When you bring in a big, tall, powerful wide receiver with pedigree, chances are he is going to find it pretty easy to become one of the talks of training camp. Players in that niche are well-suited to making plays and showing up in training camp settings. That’s why even defenders and defensive coaches are being asked about second-round pick Chase Claypool in the Pittsburgh Steelers’ training camp this year.
Defensive coordinator Keith Butler was the latest to address the Notre Dame product’s impact so far inside the lines of Heinz Field at training camp practice in 2020. Asked if he’s “noticing number 11 on offense”, (Claypool’s number of course), the veteran coach couldn’t help but laugh.
“Well, when I first saw him, I thought he had brick hands there for a minute, but I’ve been real impressed with him as of late”, he said. “That size and that speed [is] something that’s hard to defend, especially when you get in the red zone and stuff like that and you start playing jump ball with a guy, then he’s got that size that he can body you up with, or he can outjump you. That makes it tough for us to defend a guy like that”.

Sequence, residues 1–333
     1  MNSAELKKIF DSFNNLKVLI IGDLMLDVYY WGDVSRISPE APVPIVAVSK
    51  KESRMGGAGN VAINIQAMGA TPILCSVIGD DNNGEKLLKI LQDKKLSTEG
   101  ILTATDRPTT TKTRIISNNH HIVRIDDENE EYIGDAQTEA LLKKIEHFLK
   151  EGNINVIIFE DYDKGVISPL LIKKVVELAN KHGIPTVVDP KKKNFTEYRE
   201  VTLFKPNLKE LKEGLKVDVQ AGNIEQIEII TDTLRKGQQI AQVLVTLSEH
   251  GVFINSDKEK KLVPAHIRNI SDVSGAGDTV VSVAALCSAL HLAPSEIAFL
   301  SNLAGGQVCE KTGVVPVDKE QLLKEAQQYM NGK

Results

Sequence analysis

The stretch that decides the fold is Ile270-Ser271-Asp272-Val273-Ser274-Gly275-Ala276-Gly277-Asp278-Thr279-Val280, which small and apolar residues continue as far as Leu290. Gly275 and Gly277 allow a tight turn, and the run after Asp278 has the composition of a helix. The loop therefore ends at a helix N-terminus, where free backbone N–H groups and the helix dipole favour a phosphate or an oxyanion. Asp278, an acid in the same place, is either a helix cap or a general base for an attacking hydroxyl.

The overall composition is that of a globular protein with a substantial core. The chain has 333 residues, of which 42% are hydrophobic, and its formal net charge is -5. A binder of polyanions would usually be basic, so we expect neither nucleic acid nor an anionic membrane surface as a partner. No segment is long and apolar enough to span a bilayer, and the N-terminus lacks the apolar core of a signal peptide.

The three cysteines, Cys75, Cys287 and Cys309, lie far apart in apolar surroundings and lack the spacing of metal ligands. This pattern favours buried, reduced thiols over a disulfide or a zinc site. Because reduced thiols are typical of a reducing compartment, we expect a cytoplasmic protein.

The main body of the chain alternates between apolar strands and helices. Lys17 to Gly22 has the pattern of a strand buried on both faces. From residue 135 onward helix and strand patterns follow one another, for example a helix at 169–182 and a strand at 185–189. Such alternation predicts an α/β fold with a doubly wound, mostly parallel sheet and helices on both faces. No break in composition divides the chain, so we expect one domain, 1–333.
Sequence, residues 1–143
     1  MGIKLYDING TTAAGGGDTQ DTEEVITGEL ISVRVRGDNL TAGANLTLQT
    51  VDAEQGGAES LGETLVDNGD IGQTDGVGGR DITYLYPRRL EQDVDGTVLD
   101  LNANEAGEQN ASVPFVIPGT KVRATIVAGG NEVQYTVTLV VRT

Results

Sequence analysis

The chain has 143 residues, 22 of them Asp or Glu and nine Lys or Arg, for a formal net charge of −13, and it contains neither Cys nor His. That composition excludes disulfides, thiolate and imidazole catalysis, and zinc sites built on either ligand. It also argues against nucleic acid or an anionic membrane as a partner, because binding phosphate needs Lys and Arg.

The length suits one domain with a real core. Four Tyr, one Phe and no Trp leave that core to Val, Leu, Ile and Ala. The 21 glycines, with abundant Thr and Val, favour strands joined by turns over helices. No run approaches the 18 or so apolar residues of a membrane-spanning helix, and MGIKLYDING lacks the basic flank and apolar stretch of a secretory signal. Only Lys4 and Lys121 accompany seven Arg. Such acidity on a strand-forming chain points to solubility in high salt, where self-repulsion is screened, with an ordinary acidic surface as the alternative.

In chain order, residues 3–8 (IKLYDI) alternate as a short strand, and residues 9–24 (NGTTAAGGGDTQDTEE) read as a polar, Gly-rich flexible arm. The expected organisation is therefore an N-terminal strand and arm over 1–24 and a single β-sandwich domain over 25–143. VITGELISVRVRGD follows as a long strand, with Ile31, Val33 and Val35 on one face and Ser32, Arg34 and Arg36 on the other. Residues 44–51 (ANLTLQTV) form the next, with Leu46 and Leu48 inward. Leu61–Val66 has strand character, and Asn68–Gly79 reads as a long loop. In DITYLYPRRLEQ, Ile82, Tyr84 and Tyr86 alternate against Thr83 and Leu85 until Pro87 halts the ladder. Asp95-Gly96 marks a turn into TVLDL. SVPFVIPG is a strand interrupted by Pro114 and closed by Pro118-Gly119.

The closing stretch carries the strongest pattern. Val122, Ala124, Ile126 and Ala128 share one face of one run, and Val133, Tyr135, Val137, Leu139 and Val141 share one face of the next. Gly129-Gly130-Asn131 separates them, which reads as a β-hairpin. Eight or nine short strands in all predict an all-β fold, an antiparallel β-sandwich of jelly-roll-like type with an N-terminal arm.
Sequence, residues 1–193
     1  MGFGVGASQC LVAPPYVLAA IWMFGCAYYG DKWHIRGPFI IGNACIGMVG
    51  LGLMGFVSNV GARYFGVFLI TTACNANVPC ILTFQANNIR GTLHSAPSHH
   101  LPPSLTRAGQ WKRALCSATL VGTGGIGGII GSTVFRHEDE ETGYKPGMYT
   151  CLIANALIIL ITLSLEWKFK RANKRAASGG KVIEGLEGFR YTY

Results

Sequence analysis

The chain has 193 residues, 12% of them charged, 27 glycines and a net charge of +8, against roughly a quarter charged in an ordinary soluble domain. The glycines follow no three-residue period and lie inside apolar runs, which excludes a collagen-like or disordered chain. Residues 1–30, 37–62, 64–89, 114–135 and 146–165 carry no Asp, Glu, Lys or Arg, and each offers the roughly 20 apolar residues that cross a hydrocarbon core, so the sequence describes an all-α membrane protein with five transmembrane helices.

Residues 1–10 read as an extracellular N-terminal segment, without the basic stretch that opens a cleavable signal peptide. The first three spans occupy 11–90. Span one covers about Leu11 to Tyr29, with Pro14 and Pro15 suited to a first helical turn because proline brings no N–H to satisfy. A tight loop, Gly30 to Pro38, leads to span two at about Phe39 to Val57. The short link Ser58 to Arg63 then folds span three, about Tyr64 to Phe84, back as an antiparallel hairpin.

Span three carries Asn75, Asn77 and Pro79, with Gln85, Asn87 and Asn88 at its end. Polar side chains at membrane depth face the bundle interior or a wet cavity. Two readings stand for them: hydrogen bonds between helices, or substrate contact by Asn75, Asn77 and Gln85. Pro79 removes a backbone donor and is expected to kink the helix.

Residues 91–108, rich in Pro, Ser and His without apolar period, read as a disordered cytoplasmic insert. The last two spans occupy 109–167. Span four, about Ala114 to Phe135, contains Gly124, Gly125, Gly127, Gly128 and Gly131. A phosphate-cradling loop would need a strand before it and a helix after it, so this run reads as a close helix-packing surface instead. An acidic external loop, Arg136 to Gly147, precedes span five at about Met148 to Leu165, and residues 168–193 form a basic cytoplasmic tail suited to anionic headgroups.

The second-round pick has also drawn unsolicited praise from offensive and defensive teammates such as Joe Haden and Eric Ebron, and when prompted, Mike Tomlin hasn’t hesitated in acknowledging the young man’s successes. At one point, he responded to a reporter that he didn’t know which play Claypool made to which he was referring, because it wasn’t the only play he’d made.
As for Butler, his favorite thing about Claypool seems to be that he doesn’t have to go up against him in a game. “I’m glad we got him, and I think he’s gonna be a good football player for us”, he said. “At least he makes it tough on us to defend him”.
“He’s kind of shown up the last week or so. He’s really gotten better, I think”, Butler continued. “But I’m not coaching him; I’m watching him against us, and if we had to play him, I’m sure we’d find a way to double him and try to take him out if we could”.
While a novice and a rookie, Claypool does have the sort of physical tools that, if you allow it, can take over a game. Not a direct parallel, of course, but rookies like A.J. Brown for the Tennessee Titans and D.K. Metcalf for the Seattle Seahawks were able to make immediate year-one impacts by imposing their physical will, and by defenses allowing them to do so.
For the Steelers, of course, they are not reliant upon his year-one impact. They do have JuJu Smith-Schuster, Diontae Johnson, and James Washington in front of him. With that said, if he starts making plays, he is going to find his way onto the field, one way or another, often enough to be a problem for defenses.